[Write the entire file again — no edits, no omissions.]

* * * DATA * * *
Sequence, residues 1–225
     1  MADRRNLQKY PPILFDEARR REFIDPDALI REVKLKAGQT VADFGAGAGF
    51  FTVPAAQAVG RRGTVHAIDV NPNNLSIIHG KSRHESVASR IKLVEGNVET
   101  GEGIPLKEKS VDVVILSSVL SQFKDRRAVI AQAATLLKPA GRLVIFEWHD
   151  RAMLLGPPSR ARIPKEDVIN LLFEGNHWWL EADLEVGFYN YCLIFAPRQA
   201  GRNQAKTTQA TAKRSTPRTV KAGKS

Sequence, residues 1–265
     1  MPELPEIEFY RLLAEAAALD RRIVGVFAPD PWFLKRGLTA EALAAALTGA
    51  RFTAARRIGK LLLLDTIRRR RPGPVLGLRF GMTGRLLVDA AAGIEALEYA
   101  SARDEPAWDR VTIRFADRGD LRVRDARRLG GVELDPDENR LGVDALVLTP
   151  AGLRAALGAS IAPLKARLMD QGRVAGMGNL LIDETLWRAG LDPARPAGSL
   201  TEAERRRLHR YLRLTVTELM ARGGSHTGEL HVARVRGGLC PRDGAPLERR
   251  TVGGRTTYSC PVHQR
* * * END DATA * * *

Sequence, residues 1–225
     1  MADRRNLQKY PPILFDEARR REFIDPDALI REVKLKAGQT VADFGAGAGF
    51  FTVPAAQAVG RRGTVHAIDV NPNNLSIIHG KSRHESVASR IKLVEGNVET
   101  GEGIPLKEKS VDVVILSSVL SQFKDRRAVI AQAATLLKPA GRLVIFEWHD
   151  RAMLLGPPSR ARIPKEDVIN LLFEGNHWWL EADLEVGFYN YCLIFAPRQA
   201  GRNQAKTTQA TAKRSTPRTV KAGKS

Sequence, residues 1–265
     1  MPELPEIEFY RLLAEAAALD RRIVGVFAPD PWFLKRGLTA EALAAALTGA
    51  RFTAARRIGK LLLLDTIRRR RPGPVLGLRF GMTGRLLVDA AAGIEALEYA
   101  SARDEPAWDR VTIRFADRGD LRVRDARRLG GVELDPDENR LGVDALVLTP
   151  AGLRAALGAS IAPLKARLMD QGRVAGMGNL LIDETLWRAG LDPARPAGSL
   201  TEAERRRLHR YLRLTVTELM ARGGSHTGEL HVARVRGGLC PRDGAPLERR
   251  TVGGRTTYSC PVHQR